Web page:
Of course, their defence will be hard to break down as well. When we faced them at home, Gary commented that their formation (an aggressive 3-1-4-2) asked for two up top to put the pressure on. The combination of Hopper and Marquis is new and feels very unusual. They are not the traditional striker duo, operating quite independently, which might create an unexpected dynamic. I feel quite positive that if Marquis continues his excellent form in pressing the defence it will also block their advance quite a bit.
It’s worth saying, Rotherham have some high-scoring players – four of their squad have got more than five goals and their top scorer, Michael Smith, is on seventeen for the season. One face we won’t see, though, is Smith’s usual partner in the front two; Freddie Ladapo (eleven goals) is out for at least another month. That is a significant blow for The Millers as that strike pairing is worth nearly thirty goals this season. Against Wycombe, they played Ogbene as the second striker and before that Ben Wiles. Both of them are excellent players (Wiles has seven goals and five assists to his name this season, and Ogbene was a real handful against us back in September). But they are playing out of position and I wonder how comfortable they really are in the role? One thing it might point to is how fixed Rotherham are to their formation – unwilling to rework the team to make up for missing a front-man.
Also don’t forget there will be a familiar face between the sticks; Josh Vickers, who signed to them from us in the summer of 2020.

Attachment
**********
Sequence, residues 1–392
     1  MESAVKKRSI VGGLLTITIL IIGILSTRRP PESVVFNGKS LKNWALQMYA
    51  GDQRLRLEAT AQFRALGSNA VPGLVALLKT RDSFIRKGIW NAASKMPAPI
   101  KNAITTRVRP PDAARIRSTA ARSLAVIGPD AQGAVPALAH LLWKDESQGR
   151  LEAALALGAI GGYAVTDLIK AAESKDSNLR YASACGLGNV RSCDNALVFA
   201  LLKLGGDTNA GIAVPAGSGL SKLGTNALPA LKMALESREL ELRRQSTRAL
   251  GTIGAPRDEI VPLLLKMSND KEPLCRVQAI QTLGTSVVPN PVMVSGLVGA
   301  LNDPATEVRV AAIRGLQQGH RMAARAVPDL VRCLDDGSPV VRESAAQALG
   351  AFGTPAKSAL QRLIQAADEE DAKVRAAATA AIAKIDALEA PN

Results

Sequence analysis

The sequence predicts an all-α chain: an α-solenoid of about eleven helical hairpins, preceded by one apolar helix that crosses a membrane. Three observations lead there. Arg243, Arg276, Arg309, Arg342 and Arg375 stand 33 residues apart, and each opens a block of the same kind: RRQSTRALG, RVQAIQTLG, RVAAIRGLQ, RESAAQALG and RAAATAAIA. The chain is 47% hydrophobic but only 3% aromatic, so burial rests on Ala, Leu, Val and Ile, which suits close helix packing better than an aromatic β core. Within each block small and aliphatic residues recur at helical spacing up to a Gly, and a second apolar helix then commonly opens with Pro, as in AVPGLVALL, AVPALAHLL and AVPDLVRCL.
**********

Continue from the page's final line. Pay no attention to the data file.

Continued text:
Rotherham’s recent fortunes have hovered between League One and the Championship, so being at the top of our table is a common experience for them. We notably faced them a few times in League Two between 2008 and 2011 when The Millers were relegated after going into administration. Sad to report Rotherham came away best every time including a 6-0 thrashing in 2011. The least said about that the better.
Since then we’ve faced off in various cup games; both the EFL Cup and Football League Trophy. That includes the 2019 Trophy game where we needed four goals to go through to the second round, but only managed three (two from Akinde within two minutes). A piece of Imps trivia for you. That match was the singular appearance of Ben Coker for the club, he signed earlier that season and went out on loan in the January window.
In the curtailed 19/20 season Rotherham were ultimately promoted on PPG, but we did manage both fixtures against them and managed the double. Naturally, we didn’t face them again until this season. Coming off the back of our 5-1 high against Cambridge, I remember the home fixture in September being a pretty frenetic game that had quality from both sides. Rotherham are easily one of, if not, the best sides in the league this season playing some lovely football. I would not, on balance, be sad to be beaten by them, so long as we give them a game and don’t go the way of Gillingham or Doncaster (who both conceded five goals).